I dreamed I went to the home of David Lynch. The doorknob on his front door by the way, was also the door bell. I’m not sure how I knew this but I pushed it, the bell rang, and he opened the door. Smiling just a little, he looked into my eyes, all the way to my solar plexus and said “Hello Susan”. I was surprised that he remembered my name. In the dream, he used to visit Barney at his apartment sometimes and I had come to let him know that I had delivered Barney’s ashes to Baltimore and decided to invite him to a memorial service (?) of some sort. He said he would come and that he would be happy to “take care of everything.” I wasn’t sure exactly what that meant.

On the way out, I asked if by any chance he had a job for me, on some one of his projects or the (now finished) documentary Interview Project.

He thought it over for a second and asked if I knew how to park cars.

The Trip Back Home


Barney wanted to be cremated and on the Tuesday after he died, I went to a little place near the fairgrounds and watched as they boxed him up and slid his body into a 1650 degree oven. I remember sitting outside for a while and watching the heat from the smoke stack rise to the early spring sky. It was a strange but comforting experience. I’ve told a number of people since then (and I had no idea when this started how I would deal with it personally) that when you bury someone and leave them in the cemetery, leaving that person always feels bad. At least it always has for me. I’m sure it’s a separation thing. Often you have three days or so to say goodbye and then that person in in the ground under a stone. This experience taught me that being able to take the remains of the deceased home with you is much more bearable. I knew in my head that Barney was gone but I was able to sit the box on my kitchen table and we hung out all summer together. That was a gift. My grief was tempered by having him around.

The other thing he wanted was to be brought back to Baltimore, returned to the arms of his mother who, died in 1978. This brings us to today and the odd but wonderful experience of meeting two women and a little boy in a cemetery on Eastern Avenue. They were Barney’s daughters, and a grandson he loved but never met. Their pictures used to be stuck on the side of his refrigerator with magnets and he told me once that he wanted them there so he could see them from his bed whenever he looked up. He used to tell them goodnight before he went to sleep, “like the Waltons” he said.

The end of Law and Order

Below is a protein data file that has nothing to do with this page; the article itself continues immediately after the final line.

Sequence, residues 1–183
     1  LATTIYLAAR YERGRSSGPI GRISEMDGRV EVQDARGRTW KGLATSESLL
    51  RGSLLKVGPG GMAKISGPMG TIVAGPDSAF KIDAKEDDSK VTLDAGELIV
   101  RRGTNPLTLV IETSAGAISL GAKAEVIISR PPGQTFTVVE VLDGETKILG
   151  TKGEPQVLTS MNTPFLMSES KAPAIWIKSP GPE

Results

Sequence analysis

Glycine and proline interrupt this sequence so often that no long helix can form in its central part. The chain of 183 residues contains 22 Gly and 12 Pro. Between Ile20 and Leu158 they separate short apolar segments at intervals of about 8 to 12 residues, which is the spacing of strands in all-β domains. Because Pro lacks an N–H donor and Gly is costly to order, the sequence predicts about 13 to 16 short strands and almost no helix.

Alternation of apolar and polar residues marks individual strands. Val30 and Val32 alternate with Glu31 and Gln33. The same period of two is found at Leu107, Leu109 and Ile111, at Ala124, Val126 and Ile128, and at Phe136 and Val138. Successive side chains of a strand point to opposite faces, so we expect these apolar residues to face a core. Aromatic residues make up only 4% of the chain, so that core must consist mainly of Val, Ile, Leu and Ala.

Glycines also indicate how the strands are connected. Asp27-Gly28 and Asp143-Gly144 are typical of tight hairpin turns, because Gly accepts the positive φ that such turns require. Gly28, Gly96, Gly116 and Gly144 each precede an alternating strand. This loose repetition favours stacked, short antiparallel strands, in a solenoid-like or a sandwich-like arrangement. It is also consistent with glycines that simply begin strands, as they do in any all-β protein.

Barney, sitting on the bed in his new apartment. circa 1997

I wasn’t with Barney when he died. His nurse called my house early in the morning when I was out walking Stella. Instead of leaving a message she called my cell phone, which I had mistakenly left in the car. I probably wouldn’t have made it there in time but I was sorry it took them an hour to get me on the phone. His nurse was distressed and tearful by then. I had always been afraid that he’d be robbed by some one of his so-called friends when he died and of course, he was – but I never dreamed that the guy who did it would be the one. Took the money right out of Barney’s shirt pocket and then denied it in front of me and an entire team of hospice workers. He then went next door to the bar and bought everyone a round of drinks. Barney might have approved of that but I found it repulsive that people who never even knew Barney were rewarded with the very thing that killed him.

We sent him off that day in a big white Cadillac hearse. A Puerto Rican man kissed the window of it just before it pulled away. I packed up his apartment over the weekend and by Monday afternoon, twelve years of hard living evaporated into space. People that hadn’t seen Barney in forever stopped by to say how sorry they were. They asked for things and I didn’t mind them asking. Most of them loved Barney too. Just not enough to stop by and help him get to the bathroom when he needed it. There were only a couple of those sorts of friends and they could’ve asked me for anything. On the last day, before I locked the door, when the only things left were his bulletin boards, a folding chair and an echo, Stella and I brought lunch over and had ourselves a little picnic. It was so quiet in there. That was the first thing I noticed when I got there the morning he died. Someone turned off the television. First time in twelve years. I remembered Barney saying once that wherever he ended up, they better have cable.